to control corporate expansion and dominance. (The other was to
prohibit a
standing army.)

As the 19th century wore on American corporations entered lawsuit after
lawsuit to achieve a strategic objective: corporate personhood.
they could break the leashes of social control and regulation. They
sue county commissioners. Or lease their unsold airliners to the Air
Or collect millions in tax rebates.

In his spellbinding Chapter 6 - "The Deciding Moment" - Mr. Hartmann
how corporate personhood was achieved.

Orthodoxy has it the Supreme Court decided in 1886, in a case called
v. the Southern Pacific Railroad, that corporations were
indeed legal persons. I express that view myself, in a recent book. So
many others. So do many law schools. We are all wrong.

Mr. Hartmann undertook instead a conscientious search. He finally found
contemporary casebook, published in 1886, blew the dust away, and read
Santa Clara County in the original, so to speak. Nowhere in the formal,
written decision of the Court did he find corporate personhood
Not a word. The Supreme Court did NOT establish corporate personhood in
Santa Clara County.

In the casebook "headnote," however, Mr. Hartmann read this statement:
defendant Corporations are persons within the intent of the clause in
section 1 of the Fourteenth Amendment÷which forbids a State to deny to
person within its jurisdiction the equal protection of the laws." Here,
anyway, corporate personhood was "provided" -  in the headnote, instead
the formal written decision of the Supreme Court. But that's not good

What is a "headnote?" It is the summary description of a court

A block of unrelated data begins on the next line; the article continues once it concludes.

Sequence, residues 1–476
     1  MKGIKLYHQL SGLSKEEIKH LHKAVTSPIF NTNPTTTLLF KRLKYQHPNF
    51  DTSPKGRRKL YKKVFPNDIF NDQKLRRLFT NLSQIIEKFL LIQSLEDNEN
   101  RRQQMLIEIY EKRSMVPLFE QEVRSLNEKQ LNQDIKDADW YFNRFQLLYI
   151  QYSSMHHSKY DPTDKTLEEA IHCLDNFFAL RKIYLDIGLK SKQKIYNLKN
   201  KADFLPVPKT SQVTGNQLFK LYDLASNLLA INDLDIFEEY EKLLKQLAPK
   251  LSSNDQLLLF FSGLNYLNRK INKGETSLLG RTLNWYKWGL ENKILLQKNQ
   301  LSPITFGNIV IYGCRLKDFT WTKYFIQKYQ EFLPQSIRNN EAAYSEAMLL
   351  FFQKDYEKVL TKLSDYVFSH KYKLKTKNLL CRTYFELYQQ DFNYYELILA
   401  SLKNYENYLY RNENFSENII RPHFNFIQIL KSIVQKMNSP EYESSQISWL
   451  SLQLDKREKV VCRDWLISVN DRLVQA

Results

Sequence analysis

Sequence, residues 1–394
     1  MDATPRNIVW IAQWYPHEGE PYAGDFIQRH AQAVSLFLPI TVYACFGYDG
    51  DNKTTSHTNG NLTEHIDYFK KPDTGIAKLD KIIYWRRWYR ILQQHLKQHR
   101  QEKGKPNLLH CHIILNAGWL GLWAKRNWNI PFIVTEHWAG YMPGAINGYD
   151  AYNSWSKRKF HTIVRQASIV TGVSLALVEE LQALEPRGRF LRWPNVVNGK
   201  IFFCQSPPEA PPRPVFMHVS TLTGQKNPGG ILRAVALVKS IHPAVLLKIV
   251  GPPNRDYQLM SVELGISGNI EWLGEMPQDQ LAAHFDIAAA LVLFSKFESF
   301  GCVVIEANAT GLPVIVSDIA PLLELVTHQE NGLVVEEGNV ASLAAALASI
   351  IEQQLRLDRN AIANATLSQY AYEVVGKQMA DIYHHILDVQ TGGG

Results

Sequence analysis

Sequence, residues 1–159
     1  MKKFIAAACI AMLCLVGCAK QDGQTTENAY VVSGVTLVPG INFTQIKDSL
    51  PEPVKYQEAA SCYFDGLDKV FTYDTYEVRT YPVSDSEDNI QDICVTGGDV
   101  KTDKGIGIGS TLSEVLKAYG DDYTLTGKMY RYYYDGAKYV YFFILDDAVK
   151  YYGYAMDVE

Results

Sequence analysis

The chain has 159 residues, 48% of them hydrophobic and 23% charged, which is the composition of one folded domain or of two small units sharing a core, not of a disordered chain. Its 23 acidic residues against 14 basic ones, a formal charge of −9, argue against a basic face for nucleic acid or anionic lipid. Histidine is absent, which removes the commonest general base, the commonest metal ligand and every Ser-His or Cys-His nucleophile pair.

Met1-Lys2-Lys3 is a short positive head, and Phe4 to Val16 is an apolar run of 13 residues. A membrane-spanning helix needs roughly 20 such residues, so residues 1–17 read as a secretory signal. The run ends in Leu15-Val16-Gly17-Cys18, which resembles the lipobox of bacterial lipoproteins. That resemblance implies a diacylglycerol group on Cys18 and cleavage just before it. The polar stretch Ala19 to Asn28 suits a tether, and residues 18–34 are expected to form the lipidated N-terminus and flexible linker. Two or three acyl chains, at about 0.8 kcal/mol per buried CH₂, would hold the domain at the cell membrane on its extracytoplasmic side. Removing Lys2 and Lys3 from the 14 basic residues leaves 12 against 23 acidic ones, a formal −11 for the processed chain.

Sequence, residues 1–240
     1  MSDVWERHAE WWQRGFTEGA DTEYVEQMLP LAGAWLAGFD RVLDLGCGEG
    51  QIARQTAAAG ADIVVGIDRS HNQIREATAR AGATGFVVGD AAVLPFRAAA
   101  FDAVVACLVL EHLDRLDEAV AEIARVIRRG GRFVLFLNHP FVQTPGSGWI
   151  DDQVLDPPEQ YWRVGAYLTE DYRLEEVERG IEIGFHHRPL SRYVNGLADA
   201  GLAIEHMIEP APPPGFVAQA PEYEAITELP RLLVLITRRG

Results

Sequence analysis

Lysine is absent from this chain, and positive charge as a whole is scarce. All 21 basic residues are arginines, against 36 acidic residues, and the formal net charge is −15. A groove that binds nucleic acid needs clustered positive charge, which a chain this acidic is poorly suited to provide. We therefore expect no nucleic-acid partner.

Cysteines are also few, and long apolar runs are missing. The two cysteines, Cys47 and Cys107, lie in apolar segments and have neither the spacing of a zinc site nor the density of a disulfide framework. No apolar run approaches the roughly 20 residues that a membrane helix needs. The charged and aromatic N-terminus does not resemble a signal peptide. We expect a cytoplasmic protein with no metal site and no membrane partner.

written into the casebook by the court reporter. It is similar to an
editor's "abstract" in a scientific journal. Because they are not
of the court itself, however, headnotes carry no legal weight; they can
establish no precedent in law. Corporate personhood, Mr. Hartmann
discovered, is simply and unequivocally illegitimate.

The court reporter for Santa Clara County was Mr. John Chandler
Davis, a graduate of Harvard Law School.

Mr. Hartman has in his personal library 12 books by Davis, mostly
editions. They display Davis's close alliance with the railroad
and they support persuasively Mr. Hartmann's argument that Davis
the personhood statement deliberately, to achieve by deceit what
corporations had so far failed to achieve in litigation.

If Davis knew his headnote was legally sterile, though, we can only
speculate about his tactics. Perhaps he thought judges in the future
read his headnote as if it could serve as legal precedent, and would
thereafter invoke corporate personhood in rendering court decisions.
would be grossly irregular, and it would place corporate personhood in
stupendous legal jeopardy if it ever came to light. But something of
sort must have happened, because corporate personhood over time spread
throughout the world of commerce - and politics.

Mr. Hartmann doesn't fill in this blank, but his daylighting of the
irregularity will be the eventual undoing of corporate personhood. Its
alleged source in Santa Clara County is a myth, a lie, a fraud.
personhood simply cannot now survive, after Mr. Hartmann's book, a
and sustained legal attack.

Sustained it will have to be, for years or decades or even longer:
corporations will fight the attack bitterly, but we now know corporate
personhood has utterly no basis in law.

Richard W. Behan's current book is Plundered Promise: Capitalism,
and the Fate of the Federal Lands (Island Press, 2001). For a
of the book, a synopsis, and further information, go to

Mr. Behan is currently working on a more broadly rendered critique,
Derelict Democracy: A Primer On the Corporate Seizure of America's
He can be reached by email at For more on Mr.
Hartmann's book, see